Adding a Virtual Host to the Apache Configuration - dummies

Adding a Virtual Host to the Apache Configuration

Before you enable the WordPress multisite feature, you need to edit and configure Apache server files by adding a hostname record pointing at your web server in the DNS configuration tool available in your web server administration software (like WebHost Manager (WHM), a popular web host administration tool). The hostname record looks like this: * (where is replaced with your actual domain name).

If you can, perform the configurations yourself. If you don’t know how, are uncomfortable with adjusting these settings, or don’t have access to change the configurations in your web server software, you need to ask your hosting provider for help or hire a consultant to perform the configurations for you. Web hosting providers have support staff to help you with these things, if you need it — take advantage of that!

Follow these steps to enable the wildcard subdomains in Apache:

  1. Log in as the root user to your server.

  2. Open the httpd.conf file or the vhost include file for your current web account.

  3. Find the virtual host section for your domain.

  4. Add the wildcard subdomain record next to the domain name.

    It will look like this:

    ServerAlias *
  5. Save the file.

  6. Restart Apache.

You will also need to add a wildcard subdomain DNS record. Depending on how your domain is set up, this can be done at your registrar or your web host. If you simply pointed to your web host’s name servers, then you can add more DNS records at your web host in the web server administration interface, such as WHM (Web Host Manager).

You also should add a Canonical Name (CNAME) record with a value of *. The CNAME is a record stored in the DNS settings of your Apache web server that tells Apache you would like to associate a new subdomain with the main account domain. Applying the value of * tells Apache to send any subdomain requests to your main domain, and from there, WordPress looks up that sudbomain in the database to see whether it exists.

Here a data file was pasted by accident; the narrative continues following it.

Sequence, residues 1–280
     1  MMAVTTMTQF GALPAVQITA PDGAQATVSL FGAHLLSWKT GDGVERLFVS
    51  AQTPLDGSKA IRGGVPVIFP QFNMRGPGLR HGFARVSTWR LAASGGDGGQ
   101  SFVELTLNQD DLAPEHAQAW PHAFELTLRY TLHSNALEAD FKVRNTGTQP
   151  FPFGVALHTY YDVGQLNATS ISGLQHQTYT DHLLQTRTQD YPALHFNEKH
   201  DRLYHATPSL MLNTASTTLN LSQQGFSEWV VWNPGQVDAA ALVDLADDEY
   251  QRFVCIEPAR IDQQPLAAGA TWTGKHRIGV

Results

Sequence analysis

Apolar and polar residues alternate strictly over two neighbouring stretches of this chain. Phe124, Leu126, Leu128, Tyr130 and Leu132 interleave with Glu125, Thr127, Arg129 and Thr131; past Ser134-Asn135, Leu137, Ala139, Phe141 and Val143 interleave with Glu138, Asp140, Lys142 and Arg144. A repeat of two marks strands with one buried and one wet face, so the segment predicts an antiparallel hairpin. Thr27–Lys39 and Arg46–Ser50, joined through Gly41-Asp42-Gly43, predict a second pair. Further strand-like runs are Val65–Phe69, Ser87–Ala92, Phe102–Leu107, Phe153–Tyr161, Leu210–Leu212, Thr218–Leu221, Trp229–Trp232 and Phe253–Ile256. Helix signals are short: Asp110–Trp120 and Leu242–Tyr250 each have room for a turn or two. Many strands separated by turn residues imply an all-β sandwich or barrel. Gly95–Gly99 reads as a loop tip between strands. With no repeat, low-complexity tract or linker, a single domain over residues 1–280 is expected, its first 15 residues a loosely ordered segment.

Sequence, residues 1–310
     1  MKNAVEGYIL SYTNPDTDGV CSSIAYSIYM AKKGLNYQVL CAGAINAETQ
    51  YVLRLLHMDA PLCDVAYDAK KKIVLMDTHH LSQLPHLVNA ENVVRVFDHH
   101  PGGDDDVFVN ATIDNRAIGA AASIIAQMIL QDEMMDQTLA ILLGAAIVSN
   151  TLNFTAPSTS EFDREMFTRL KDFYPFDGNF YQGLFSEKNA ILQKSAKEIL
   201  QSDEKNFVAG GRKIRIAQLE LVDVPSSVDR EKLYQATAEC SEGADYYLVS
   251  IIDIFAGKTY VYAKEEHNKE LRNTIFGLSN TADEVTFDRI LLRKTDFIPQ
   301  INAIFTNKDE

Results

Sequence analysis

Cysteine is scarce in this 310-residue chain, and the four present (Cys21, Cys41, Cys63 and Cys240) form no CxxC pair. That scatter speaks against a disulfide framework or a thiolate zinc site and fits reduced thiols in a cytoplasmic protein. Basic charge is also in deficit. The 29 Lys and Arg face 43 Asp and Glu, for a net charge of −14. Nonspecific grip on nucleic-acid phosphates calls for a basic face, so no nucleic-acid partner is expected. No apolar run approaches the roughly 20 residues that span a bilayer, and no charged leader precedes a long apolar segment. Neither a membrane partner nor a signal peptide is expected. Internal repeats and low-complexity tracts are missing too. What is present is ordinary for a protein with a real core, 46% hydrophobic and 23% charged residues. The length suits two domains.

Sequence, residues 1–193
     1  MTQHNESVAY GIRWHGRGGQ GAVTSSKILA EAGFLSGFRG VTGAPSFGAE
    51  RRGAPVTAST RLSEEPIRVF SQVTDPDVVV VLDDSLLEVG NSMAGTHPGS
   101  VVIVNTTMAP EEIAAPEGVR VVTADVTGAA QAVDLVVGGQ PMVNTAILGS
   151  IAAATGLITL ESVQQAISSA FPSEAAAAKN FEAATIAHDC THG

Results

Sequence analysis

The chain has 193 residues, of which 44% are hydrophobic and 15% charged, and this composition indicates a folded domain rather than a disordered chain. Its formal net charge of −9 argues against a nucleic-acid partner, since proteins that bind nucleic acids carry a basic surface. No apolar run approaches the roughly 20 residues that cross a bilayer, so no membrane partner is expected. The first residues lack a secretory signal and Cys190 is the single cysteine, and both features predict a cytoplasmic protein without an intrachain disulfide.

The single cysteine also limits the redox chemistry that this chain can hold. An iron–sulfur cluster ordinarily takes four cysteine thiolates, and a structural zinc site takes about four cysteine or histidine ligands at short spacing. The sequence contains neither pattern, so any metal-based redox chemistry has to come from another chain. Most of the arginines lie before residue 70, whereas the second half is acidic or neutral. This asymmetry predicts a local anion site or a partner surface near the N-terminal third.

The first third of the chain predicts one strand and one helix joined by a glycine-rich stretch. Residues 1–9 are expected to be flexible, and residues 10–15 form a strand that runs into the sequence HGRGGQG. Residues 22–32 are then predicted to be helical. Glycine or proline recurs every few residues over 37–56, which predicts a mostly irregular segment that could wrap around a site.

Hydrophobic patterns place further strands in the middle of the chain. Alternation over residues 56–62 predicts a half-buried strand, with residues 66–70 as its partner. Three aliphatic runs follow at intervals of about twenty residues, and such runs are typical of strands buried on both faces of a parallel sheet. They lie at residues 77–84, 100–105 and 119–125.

Networks require a great deal more server memory (RAM) than typical WordPress sites do, simply because multisites are generally bigger, have a lot more traffic, and use up more database space and resources because multiple sites are running (as opposed to just one with regular WordPress). You aren’t simply adding instances of WordPress. You’re multiplying the processing and resource use of the server when you run the WordPress multisite feature. Although smaller instances of a network run okay on most web hosts, you may find that when your network grows, you need more memory. To start with a hosting account you need access to at least 256MB of RAM (memory).

For each site created, nine additional tables are added to the single database. Each table has a prefix similar to wp_BLOG-ID_tablename (where BLOG-ID is a unique ID assigned to the site).

The only exception to this is the main site. Its tables remain untouched. With WordPress multisites, all new installations will leave the main blog tables untouched and number additional site tables sequentially, with every new site that is added to the network.

Much discussion about the database layout has occurred in Trac, WordPress’s codebase management system, and in the forums. Although it may seem unwieldy, it will scale appropriately. Limitations on database size have more to do with the server and database management tools. The average users build a small to medium-sized network, which usually needs no more than a VPS account.